Many humans hate tidying up. Aaron Krause isn't among them. 

"It's nice to start with a big stack of dirty dishes, and then everything is clean after," he says. "A sense of accomplishment in a short time." 

Not coincidentally, Krause is the founder of Scrub Daddy, which sells smiley-face sponges and cleaning wands that stiffen in cold water and soften under steamier temperatures. He's also a classic case of an accidental entrepreneur whose story may well serve as inspiration for aspiring founders, or at the very least, a reminder to spruce up your office. 

When Krause discovered the sponge that would eventually become Scrub Daddy, the round perma-grin cleansing sponge that's notched $170 million in total sales across 40,000 U.S. markets, he was the CEO of another company he'd founded called Dedication to Detail. He led the Folcroft, Pennsylvania-based manufacturer of paint finishing systems, which included buffing and polishing pads, from 1992 to 2008. It was Krause's dirty work on this company factory's machinery that would eventually give rise to Scrub Daddy. 

As any mechanic knows, fixing heavy-duty machinery can leave an oily film on your hands that can be painful to remove. Industrial soaps, says Krause, felt like "lotions with rocks" and didn't get the job done. A company based in Germany eventually supplied him with a buffing pad that could scrape off grease without grating the skin off his hands. He created a line of sponges in 2006 for people with similar problems, like mechanics and body-shop owners, but the product never took off. 

Two years later, 3M approached Krause about buying Dedication to Detail--hoping to build out its vehicle appearance line of products. They said he could keep the hand sponges. He sold his first company for an undisclosed amount, put the sponges in a box in his factory and labeled them scrap. Three years later, he used a traditional scrubbing sponge to clean his lawn furniture and accidentally stripped the paint off. He remembered the buffing pads gathering dust in his factory and hoped they would be more gentle.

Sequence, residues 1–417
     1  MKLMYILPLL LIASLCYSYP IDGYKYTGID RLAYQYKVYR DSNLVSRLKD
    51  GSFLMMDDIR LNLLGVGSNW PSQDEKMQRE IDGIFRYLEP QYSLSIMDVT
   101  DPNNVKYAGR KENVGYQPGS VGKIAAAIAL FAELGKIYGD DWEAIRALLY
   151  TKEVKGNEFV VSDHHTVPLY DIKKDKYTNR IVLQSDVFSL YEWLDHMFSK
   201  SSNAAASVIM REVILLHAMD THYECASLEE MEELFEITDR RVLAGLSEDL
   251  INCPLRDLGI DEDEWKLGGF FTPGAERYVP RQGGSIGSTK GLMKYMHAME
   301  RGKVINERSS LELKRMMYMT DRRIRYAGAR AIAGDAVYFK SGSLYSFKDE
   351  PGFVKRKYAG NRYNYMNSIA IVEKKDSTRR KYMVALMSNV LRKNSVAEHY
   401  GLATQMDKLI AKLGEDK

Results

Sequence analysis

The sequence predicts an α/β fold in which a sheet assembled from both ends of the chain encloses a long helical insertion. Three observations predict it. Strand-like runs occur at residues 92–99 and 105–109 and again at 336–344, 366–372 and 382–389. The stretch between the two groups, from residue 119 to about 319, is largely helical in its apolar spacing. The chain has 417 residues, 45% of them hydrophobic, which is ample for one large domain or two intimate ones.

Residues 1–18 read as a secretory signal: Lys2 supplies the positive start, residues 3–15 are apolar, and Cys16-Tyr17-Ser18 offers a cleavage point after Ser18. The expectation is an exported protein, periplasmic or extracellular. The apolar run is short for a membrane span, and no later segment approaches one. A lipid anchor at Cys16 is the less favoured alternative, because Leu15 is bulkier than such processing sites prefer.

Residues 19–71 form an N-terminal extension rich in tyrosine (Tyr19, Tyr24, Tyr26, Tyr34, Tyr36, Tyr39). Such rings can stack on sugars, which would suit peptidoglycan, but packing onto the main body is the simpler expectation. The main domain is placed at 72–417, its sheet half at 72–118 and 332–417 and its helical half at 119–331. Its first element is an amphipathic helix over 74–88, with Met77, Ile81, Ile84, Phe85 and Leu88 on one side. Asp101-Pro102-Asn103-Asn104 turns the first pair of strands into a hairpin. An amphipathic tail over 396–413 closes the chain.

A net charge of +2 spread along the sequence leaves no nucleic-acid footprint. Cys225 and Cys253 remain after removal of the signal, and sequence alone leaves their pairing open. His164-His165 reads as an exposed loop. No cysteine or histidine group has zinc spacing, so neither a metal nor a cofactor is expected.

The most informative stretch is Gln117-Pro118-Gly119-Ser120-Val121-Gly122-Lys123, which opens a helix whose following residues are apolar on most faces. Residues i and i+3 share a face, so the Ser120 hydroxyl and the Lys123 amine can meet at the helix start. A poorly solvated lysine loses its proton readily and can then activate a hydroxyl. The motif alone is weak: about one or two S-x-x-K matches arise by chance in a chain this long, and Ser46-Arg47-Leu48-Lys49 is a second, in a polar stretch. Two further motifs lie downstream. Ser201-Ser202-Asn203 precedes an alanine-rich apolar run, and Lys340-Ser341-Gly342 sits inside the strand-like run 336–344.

He discovered the material that removed dirt and oil from his hands also worked on the furniture, and that it was thermosensitive--acting like a hard scrubber in cold water and a soft sponge in warmer temperature. Krause brought it inside and put it to the ultimate test: the evening dishes. 

"It was an epiphany," Krause told Inc. "This has nothing to do with cleaning your hands." 

A rectangular Scrub Daddy prototype didn't feel right in his palm, so he went with a round design, which, it turns out, makes sense. "Why are sponges rectangular?" muses Krause. "Look around the kitchen: Mugs, cups, coffee pots, muffin tins--all round." 

And that perma-grin shape isn't just friendly: Swiping silverware through the mouth cleans both sides at once. The ridges scrape off stuck-on gunk and the eyes serve as finger holes, so you can cram a Daddy into a persnickety cup.

With the design in place, things happened fast: Several live demos at ShopRite, a chain of grocery stores in the northeast, won local press coverage in Pennsylvania and helped land Krause on QVC. Shark Tank came calling in 2012, and Krause persuaded Lori Greiner to ante up $200,000 for 20 percent of his business. 

What's more, the company has become a household name. In January, Scrub Daddy was an answer to a Jeopardy question and at least one superfan has permanently inked the smiley face onto her body. 

Julie Guleff fell in love with Scrub Daddy's friendly sponges when she saw them on Shark Tank, so much so that in 2015 she got it tattooed on the back of her neck. It was the 13th tattoo she added to her collection, which includes tributes to her friends, marriage, and deceased grandson. 

"My personal motto is nothing is really impossible if you work hard enough," said Guleff, 57, who lives in Port Orange, Florida. "[Krause] was mucking around with a sponge, looking to make a good tool, and struck gold--that's cool."